• Mark the location of intake manifold bolts. (Oops... I didn't do that.)
  • Remove intake manifold bolts, and manifold.
  • Clean mating surfaces

Installation:

  • Set new gaskets in place and apply silicone to flat areas on front and rear of engine block.
  • Apply thread locking compound to manifold bolts.
  • Install manifold and tighten bolts in proper sequence.
    Torque: 1988-95 model years: 35 ft-lbs.
    1996-2000 model years: Tighten in three stages... 2 ft-lbs, then 9 ft-lbs, then 11 ft-lbs.
  • Install distributor.
  • Install upper intake manifold.

The remaining installation procedures are generally the reverse of removal.

 

Start:

Removing The Serpentine Belt:

The serpentine belt is removed by rotating the automatic tensioner and slipping the belt off the easiest point, which is the idler pulley

Location of tool socket, automatic belt tensioner. There is a 3/8" square hole in the automatic belt tensioner (red arrow).

 

To rotate the tensioner, I inserted a 3/8" drive ratchet into the square hole and pushed the ratchet to the left (arrow). Then I slipped the serpentine belt off the idler pulley.

I found it best to start with the ratchet handle straight up, because when the belt is removed the tensioner will rotate back, and the wrench handle can hit the water pump pulley, making it impossible to remove the wrench.

Removing serpentine belt, loosening the belt tensioner.

 

 

Draining coolant from car.

Draining The Coolant:

I opened the drain valve on the radiator and placed a dishpan under the front of the car to catch the coolant that flowed from the drain hose.

For more details, see Draining Coolant On A GMC Jimmy or Chevy Blazer.

 

Removing The Intake Air Ducting:

To reach the engine I removed the air ducting all the way to the air filter box.

For more details see Removing Air Ducting On A Blzaer/Jimmy

Removing air ducting from GMC Jimmy or Chevy Blazer.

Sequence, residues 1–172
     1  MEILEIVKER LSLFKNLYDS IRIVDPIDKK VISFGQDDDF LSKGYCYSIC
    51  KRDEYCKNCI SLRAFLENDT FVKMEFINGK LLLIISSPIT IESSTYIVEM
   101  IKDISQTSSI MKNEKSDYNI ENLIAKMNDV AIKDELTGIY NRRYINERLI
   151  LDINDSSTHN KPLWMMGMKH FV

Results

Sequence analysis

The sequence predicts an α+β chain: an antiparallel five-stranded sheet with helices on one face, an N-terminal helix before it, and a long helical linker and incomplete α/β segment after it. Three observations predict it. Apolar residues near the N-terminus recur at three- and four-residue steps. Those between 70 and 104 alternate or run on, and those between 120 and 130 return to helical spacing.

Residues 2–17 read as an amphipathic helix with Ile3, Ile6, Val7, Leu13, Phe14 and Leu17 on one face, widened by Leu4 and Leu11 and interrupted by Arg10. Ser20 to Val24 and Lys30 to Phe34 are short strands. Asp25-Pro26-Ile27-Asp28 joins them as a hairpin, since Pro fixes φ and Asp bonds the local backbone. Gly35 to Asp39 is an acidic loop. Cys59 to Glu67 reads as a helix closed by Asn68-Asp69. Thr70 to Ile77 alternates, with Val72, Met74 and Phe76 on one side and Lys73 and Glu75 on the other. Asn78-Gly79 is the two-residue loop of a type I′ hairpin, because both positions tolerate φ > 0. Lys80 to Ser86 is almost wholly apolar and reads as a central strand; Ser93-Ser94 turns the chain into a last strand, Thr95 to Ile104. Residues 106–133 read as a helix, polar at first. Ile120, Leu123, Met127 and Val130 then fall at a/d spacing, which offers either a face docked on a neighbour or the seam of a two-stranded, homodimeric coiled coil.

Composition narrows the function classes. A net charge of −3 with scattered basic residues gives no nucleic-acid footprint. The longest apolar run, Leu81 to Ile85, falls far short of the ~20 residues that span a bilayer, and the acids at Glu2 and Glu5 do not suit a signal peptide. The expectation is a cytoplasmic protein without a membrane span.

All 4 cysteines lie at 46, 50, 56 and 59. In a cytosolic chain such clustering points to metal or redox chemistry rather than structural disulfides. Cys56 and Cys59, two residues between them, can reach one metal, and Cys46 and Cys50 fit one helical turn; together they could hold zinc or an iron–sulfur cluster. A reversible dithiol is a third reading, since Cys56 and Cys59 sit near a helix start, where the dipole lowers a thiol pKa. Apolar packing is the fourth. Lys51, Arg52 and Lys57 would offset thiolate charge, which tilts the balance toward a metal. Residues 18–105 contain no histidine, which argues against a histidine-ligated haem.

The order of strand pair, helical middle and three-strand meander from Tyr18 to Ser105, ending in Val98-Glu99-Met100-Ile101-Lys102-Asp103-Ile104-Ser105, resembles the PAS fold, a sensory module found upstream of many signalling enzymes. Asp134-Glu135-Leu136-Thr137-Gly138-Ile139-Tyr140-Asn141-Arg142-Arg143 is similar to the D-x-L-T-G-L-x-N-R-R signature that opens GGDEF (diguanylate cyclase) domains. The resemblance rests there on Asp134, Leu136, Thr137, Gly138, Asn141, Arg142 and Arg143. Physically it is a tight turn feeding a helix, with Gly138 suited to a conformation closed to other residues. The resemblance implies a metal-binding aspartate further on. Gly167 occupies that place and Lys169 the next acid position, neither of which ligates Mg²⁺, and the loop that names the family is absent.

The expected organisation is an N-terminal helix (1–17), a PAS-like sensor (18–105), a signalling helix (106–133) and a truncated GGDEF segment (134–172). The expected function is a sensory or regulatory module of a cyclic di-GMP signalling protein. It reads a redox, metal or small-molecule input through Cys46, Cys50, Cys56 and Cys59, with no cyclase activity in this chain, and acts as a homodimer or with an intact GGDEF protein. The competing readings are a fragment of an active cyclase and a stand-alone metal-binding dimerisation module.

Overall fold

Disconnecting The Throttle Cables:

Disconnecting throttle cable, GM 4.3 liter V6 engine.

I opened the throttle plate by hand and placed a screwdriver handle (that red thing, upper-right) in the throttle body to hold the plate open.

Then I grabbed the throttle cable connector and pushed it off the mounting peg (red arrow). I found it easiest if I turned the connector so the cable pointed up, then I could just push straight down to remove the connector clip.

 

Then I removed the cruise control cable by curling the wire and sliding the cable end sideways out of the hole in the metal bracket (arrow).

Disconnecting cruise control cable on GM 4.3 liter V6 engine.

 

Moving throttle cable bracket, GM. I removed the first throttle cable bracket. I used a 10mm socket to remove the two nuts.

 

Then I removed the second throttle cable bracket. There were 3 fasteners and they all required a 10mm socket.

I moved the throttle cables and brackets far out of the way.

Removing throttle cable bracket near throttle body.

 

Removing upper radiator hose, Jimmy/Blazer.

I removed the upper radiator hose.

Read more details...

 

Removing Electrical Connectors:

Disconnecting wiring to engine sensors on GM truck 4.3 liter V6.

I removed several electrical connectors and moved the wire harness aside.

 

I removed four more electrical connectors (red arrows) that were part of a thick wiring harness that runs across the engine. Electrical connectors in large bundle that runs across engine, GM truck.

 

Removing ignition coil wire.

I removed the ignition wire at the ignition coil.

I just grabbed the boot firmly and pulled upwards.

 

I removed the ignition coil. This required removing two bolts with a 10mm socket. Removing ignition coil, GM truck.

 

Removing The Heater Hoses:

Removing idler pulley, GM truck. Using a 13mm short socket, I removed the idler pulley (red arrow). This is necessary so I can reach the heater hose connections.

 

I opened up this dual hose-holder with a small flat screwdriver.

GM uses several plastic brackets to secure hoses and wires, and these can be a pain-in-the-rear to open.

Removing heater hoses on 4.3 V6 engine, GM.

 

Disconnecting heater hoses, Jimmy / Blazer. I removed the clamps at the firewall and then I pulled the hoses off.